Does It Take a Scientist to Find Gold in Big Data?

May 31, 2012
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big data gold 150x150 photo (enterprise data scientist 2 data analytics business intelligence big data )In a recent CNET article, Alex Yoder (

big data gold 150x150 photo (enterprise data scientist 2 data analytics business intelligence big data )In a recent CNET article, Alex Yoder (@yodera) compared data to the value of other can’t-live-without assets – oil and gold. However, he says that big data has a major differentiator – “data has no intrinsic value.”

He’s right. The value of data comes from its refinement.

Yoder writes, “Gold requires mining and processing before it fines its way into our jewelry, electronics and even the Fort Knox vault. Oil requires extraction and refinement before it becomes the gasoline that fuels our vehicles. Likewise, data requires collection, mining and, finally, analysis before we can realize its true value for businesses, governments and individuals alike.”

What’s interesting about this comparison is that behind the mining, processing and analysis is big science. It takes a scientific approach and processes to find the value in data and precious commodities. Yoder defines the analysis portion of extracting value from data as the science.

The Science of Finding Gold in Data

As Yoder points out, there’s also science in the mining and processing of the data as well – just go back to our interview with Gregory Piatetsky-Shapiro (@KDNuggets) on the topic of data science and predictive analytics.

Piatetsky-Shapiro says, “What we want to find in data is some understandable knowledge and not just incomprehensible patterns. He adds, “[A] better understanding of predictive models will contribute to increased trust for such models.”

Piatetsky-Shapiro is a living example of how science can extract value from data. He’s developed models to help change the world. In our interview, he told us he has developed models for life-changing predictive analytics such as predicting child support non-payment and attrition to predicting drug effectiveness to developing methods for identifying fraud in online auctions.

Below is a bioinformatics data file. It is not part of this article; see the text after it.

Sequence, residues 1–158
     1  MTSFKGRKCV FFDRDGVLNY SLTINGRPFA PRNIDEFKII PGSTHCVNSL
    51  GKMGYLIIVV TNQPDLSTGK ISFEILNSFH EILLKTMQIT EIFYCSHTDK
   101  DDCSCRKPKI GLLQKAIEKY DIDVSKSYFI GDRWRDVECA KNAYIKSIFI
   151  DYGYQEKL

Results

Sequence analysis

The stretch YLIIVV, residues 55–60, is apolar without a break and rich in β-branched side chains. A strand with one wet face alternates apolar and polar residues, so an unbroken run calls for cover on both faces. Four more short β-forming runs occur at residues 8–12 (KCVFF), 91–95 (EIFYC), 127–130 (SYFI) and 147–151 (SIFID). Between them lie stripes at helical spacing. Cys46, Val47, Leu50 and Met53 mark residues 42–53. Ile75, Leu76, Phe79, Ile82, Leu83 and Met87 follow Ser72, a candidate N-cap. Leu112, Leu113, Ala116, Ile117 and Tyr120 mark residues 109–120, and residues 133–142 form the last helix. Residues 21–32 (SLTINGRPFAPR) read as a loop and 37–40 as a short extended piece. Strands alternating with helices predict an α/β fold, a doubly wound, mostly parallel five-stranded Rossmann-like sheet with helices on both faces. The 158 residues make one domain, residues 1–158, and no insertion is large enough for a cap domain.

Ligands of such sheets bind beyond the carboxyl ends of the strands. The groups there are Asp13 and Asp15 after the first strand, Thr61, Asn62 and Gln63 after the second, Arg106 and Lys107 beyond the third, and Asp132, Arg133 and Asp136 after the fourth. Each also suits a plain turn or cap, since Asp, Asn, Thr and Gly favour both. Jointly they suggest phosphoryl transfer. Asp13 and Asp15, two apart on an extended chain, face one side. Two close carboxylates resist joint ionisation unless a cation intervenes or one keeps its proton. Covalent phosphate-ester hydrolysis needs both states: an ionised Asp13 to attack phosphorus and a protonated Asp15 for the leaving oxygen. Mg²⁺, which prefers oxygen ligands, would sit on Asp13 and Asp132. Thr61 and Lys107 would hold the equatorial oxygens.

Didn’t Gold Mining Start with a Simple Quest for Something More?

While Yoder and Piatetsky-Shapiro both point to the methods, models and software as keys to refining value, they also recognize the human element. Yoder says, “It takes complex algorithms, powerful computing and perhaps most of all, human analysts to build and administer the big science that turns the ‘then and now’ nature of big data into ‘when.’”

He points to a projection from McKinsey Global that the US needs 140,000 to 190,000 additional deep analytical minds working to derive the value of data. Often labeled as data scientists (quite fitting with the topic of big data being backed by big science), Yoder says these experts are thought to be the next class of “digital and corporate geniuses.”

Piatetsky-Shapiro’s take is that the data scientist role is much like an engineer or wizard with a skill set that combines “code tuning, business insight and knowing how to extract business value from data.”

Our Take: Give Your People Gold Fever

We think there’s a place and a definite need for these data wranglers. However, if an organization is going to join the gold rush that big data promises, don’t you think we have to start with the users? And give them the tools they need – the picks, the pans and the drive or “gold fever” to “head for the hills?”

Their tools are analytics systems (maps) and the “quest for knowledge” that allows them to inspect the data landscape and find the gold nugget-filled streams and hills.

Mark Lorion (@mark_lorion) alludes to why the tools and the questions matter most in a recent interview on DM radio. He says, “If you measure it, you’ll change it. What’s hiding in your data that you haven’t measured?”

For example, he says when a business user has questions, the tools often get in the way of the answers. He says it’s hard for a user to find the right answers in a spreadsheet or other tools when the presentation is hiding what he’s trying to see. It’s frustrating because the user knows he can beat the competition if he can get reliable information from the data.

Maybe the gold or “knowledge discovery” (as Piatetsky-Shapiro says) starts with the right tools and the right questions and a little bit of fever.

Next Steps: See how Spotfire version 4.5 empowers users to “find the gold” insights hidden in big data and unstructured information in our webcast, “What’s New with Spotfire 4.5,” taking place today, May 31, at 1 p.m. Eastern.

Amanda Brandon
Spotfire Blogging Team